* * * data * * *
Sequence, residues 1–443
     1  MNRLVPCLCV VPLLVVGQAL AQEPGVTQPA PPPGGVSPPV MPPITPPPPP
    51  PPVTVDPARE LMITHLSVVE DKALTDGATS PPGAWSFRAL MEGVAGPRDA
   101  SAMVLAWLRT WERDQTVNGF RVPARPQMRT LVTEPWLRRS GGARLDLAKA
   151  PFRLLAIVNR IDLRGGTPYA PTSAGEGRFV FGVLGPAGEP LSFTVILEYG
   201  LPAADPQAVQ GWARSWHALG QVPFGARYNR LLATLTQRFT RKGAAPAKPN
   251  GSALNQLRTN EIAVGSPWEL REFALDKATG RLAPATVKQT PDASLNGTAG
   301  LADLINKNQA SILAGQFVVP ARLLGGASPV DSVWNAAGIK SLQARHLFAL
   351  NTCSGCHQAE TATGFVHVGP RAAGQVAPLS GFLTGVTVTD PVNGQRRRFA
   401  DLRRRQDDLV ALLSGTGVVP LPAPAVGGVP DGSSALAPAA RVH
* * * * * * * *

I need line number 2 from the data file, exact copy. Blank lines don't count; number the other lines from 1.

     1  MNRLVPCLCV VPLLVVGQAL AQEPGVTQPA PPPGGVSPPV MPPITPPPPP